“Bank of the Seine,” pictured above, is one of the two paintings by Vincent van Gogh studied. Credit: Vincent van Gogh Museum, Amsterdam.
Despite restoration efforts, some paintings may appear less brilliant then they did when they were originally crafted.
In the case of one 19th-century artist’s work, scientists are using high-tech tools to pinpoint the cause of an undesirable chemical change in paint color.
Synchrotron X-ray technology, which allows a powerful and up-close look at the molecular composition of surfaces, has previously been used to look underneath layers in paintings — their skeletons, so to speak.
Now a team of researchers has found a new use for these tools to study a chemical reaction of chrome yellow, also called lead chromate, that degrades vibrant yellows to dark browns. The findings help curators and restoration specialists protect other paintings composed with the chemical.
The collaborative study, published in the peer-reviewed journal Analytical Chemistry this week, confirmed chemical changes in chrome yellow in two of Vincent van Gogh’s paintings. Although his Sunflower pieces weren’t studied, they demonstrate why this color makes van Gogh’s work stand out. The scientists validated previous hunches that UV light and sunlight are to blame for catalyzing chemical reactions of chrome yellow on canvas.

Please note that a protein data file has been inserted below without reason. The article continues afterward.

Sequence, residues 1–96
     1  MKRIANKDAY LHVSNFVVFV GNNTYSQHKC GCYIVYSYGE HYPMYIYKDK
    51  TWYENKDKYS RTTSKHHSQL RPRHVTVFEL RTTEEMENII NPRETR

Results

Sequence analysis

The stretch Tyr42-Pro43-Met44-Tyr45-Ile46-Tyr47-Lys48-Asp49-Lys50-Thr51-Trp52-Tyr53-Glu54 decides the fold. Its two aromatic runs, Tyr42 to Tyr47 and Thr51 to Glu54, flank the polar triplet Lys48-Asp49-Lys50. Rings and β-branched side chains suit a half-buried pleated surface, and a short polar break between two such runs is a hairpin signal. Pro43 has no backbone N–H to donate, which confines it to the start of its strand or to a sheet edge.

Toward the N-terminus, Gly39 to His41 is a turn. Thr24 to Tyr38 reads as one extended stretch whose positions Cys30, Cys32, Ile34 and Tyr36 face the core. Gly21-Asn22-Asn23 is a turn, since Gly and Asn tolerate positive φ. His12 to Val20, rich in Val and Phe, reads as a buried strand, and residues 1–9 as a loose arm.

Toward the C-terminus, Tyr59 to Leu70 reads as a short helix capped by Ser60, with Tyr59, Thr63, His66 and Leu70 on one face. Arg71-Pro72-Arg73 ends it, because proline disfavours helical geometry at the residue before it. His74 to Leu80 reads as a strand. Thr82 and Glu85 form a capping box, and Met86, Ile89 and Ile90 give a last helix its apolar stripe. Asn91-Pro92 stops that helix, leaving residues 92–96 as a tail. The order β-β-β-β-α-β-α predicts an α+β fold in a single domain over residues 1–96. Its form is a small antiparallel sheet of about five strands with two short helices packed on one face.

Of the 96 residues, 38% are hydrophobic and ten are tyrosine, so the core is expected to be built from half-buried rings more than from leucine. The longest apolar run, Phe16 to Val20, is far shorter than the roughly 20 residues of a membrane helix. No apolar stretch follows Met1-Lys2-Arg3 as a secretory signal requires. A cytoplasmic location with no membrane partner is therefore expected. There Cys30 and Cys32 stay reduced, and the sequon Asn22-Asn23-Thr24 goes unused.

What’s especially interesting is the way the scientists came to their conclusions. They studied the chemical properties of chrome yellow paint left in historic tubes from this time period. After noticing the darkening of chrome yellow when exposed to a UV lamp for several hours, the group used X-ray technology to confirm that the source of the darkening stemmed from chromium(VI) changing to chromium(III) in the paint.
The research also showed that varnishes aren’t entirely protective in art preservation. In fact, the chrome yellow chemical reaction occurred between the layers of varnish and paint.
So how often do paintings receive such attention?
Not too often, especially since these analyses often require transporting delicate pieces of artwork to labs in different countries. That said, using chemistry and new technology is particularly useful because researchers can look at several layers of a painting without removing them.
Who said science and the humanities can’t get along?